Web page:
The downside is that you cannot control everything. The tiles in the hallway are set, the exterior color, and maybe even the floorplan of the building. If the central heater is changed, it affects everyone. You cannot choose to have the old one. Maybe you get to choose the colors of the walls inside your apartment and the furniture, but you can not have an extension.

Nonetheless, you don’t need your own alarm system and security personnel. The owner handles all of that. If you have chosen a good building, you will see that they maintain it well, even upgrade it with new technology and better solutions for you, such as:

  • EV chargers in the garage
  • New electronic door locks
  • App-controlled heating and lighting

The role of process standardization

Lastly, let’s address the often-overlooked aspect of business software: process standardization. Some of the easiest SaaS offerings don’t have the configuration or extension possibilities to allow custom processes, but you can still choose to use the software in a different way than intended.

However, the real benefits of SaaS software come in the more complex use cases where your business processes are more complex and more vital for your success as a business. To get the best out of a software investment you should consider the processes they are offering and try to use as many as you can in the most standardized way possible.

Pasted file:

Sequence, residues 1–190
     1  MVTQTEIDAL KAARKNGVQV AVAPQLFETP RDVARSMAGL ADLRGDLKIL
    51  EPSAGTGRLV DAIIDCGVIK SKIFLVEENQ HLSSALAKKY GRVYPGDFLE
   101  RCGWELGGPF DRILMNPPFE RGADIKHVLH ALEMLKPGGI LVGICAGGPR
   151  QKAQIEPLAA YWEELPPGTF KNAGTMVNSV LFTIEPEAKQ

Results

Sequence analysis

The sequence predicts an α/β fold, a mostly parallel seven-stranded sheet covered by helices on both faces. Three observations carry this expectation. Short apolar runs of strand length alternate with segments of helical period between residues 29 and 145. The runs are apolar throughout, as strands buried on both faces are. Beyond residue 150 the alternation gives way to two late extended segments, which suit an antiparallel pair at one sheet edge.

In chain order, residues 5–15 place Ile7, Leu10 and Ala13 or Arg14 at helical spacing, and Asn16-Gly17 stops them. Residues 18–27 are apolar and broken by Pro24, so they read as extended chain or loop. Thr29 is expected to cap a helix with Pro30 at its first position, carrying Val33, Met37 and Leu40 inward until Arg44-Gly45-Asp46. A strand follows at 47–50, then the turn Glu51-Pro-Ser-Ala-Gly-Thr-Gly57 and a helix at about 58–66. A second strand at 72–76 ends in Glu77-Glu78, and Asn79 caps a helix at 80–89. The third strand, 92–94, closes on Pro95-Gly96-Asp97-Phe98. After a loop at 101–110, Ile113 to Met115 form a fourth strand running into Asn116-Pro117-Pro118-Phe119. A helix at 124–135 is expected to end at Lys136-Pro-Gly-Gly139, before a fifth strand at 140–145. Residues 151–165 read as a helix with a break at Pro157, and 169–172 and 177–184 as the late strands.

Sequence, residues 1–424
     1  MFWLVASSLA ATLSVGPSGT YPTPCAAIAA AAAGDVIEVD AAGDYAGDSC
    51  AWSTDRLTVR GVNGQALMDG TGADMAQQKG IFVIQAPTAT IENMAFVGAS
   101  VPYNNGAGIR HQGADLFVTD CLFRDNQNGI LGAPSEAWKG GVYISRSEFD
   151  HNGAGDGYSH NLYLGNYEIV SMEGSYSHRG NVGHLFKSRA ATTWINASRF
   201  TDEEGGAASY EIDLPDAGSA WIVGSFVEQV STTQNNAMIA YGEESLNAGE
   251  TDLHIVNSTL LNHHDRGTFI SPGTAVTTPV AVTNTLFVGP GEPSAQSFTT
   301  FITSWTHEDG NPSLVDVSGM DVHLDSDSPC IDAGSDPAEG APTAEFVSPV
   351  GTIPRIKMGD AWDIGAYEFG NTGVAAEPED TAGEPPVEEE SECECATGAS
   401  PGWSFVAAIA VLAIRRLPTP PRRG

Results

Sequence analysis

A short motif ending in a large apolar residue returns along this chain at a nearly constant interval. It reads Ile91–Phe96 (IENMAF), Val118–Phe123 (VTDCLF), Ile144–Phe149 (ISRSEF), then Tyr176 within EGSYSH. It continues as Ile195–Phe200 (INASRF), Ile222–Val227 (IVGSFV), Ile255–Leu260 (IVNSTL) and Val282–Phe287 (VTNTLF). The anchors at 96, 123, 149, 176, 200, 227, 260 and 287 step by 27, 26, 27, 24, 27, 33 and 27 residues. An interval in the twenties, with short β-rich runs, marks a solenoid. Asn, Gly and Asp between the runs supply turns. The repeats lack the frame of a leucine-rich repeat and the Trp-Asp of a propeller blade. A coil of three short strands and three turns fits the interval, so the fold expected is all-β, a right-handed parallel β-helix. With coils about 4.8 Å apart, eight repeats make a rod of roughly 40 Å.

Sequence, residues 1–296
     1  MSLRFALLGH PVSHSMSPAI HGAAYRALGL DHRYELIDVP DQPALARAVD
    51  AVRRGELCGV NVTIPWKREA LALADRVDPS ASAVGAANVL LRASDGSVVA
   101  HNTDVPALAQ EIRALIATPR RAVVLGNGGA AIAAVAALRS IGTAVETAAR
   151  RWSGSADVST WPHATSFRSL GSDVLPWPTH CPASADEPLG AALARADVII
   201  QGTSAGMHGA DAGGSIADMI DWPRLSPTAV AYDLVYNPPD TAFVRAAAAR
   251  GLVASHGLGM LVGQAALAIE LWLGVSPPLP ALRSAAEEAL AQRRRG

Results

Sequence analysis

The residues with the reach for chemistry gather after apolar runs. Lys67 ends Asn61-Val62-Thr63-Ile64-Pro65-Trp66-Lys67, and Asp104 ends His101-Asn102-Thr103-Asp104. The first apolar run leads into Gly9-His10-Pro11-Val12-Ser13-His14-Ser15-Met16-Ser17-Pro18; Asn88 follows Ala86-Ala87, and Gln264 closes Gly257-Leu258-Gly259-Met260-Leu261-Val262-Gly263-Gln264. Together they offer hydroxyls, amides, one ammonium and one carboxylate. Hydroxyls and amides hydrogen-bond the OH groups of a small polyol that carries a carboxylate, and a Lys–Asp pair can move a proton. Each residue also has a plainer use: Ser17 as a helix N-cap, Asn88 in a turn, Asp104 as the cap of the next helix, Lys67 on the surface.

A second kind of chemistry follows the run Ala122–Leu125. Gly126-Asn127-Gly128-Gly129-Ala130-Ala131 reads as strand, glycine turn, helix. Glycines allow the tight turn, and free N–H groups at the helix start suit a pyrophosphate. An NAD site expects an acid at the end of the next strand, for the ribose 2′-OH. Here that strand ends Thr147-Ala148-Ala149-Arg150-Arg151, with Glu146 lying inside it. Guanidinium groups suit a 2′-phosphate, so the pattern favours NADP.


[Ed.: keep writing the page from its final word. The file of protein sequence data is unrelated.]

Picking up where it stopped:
If you think carefully, how many of your quirky processes have actually been established to really provide a unique competitive advantage? Not many, probably. Most of them have evolved, shaped by employee practices, errors, software limitations, and other factors. Moreover, most of them are likely to be “old” or outdated.

Vendor collaboration and challenges

If you manage to align with the vendor’s standardized or proposed processes, you will benefit much more from the software investment than if you struggle to keep your old processes or contort the new software to look as much as the old processes.

Most buyers say they want to do this, but few have good enough management involvement and process owners to really carry through. Moreover, in all honesty, most of the software vendors are not adept at showing the value of standardization either. Therefore, you might find yourself on your own.

Applying the apartment analogy

Let’s revisit the analogy. Suppose you have standardized your apartment and your rent contract is a pure apartment-as-a-service. The vendor will come in and update your appliances. One day you’ll find a new air fryer in your kitchen. Your old TV is one day switched with a new projector. After a notice period, you will also have your apartment remodeled because the owner found out it would be better with an en suite bathroom or a slightly bigger hallway. Again, we’re stretching the analogy here.

The benefits of standardization

To return to the software side, if you manage to standardize your processes, you will benefit from central improvements within those very processes. You will get better processes and avoid getting outdated. You will be able to use new functionality that builds on the same very processes.

This is when you really see the benefits of a multi-tenancy SaaS software offering. It’s not for everyone in all industries and situations, but when you find a viable alternative for your business in your industry, the upsides can be great. Over time, the value of your investment can grow as the software evolves in tandem with your needs.

To round off, the discussion about cloud and SaaS has often revolved around technology and cost models. However, the really important discussion is much more about processes and standardization.

The potential value of choosing the right software for your business can be huge and continuously growing. Choose the right solution and be ready for the always-changing future!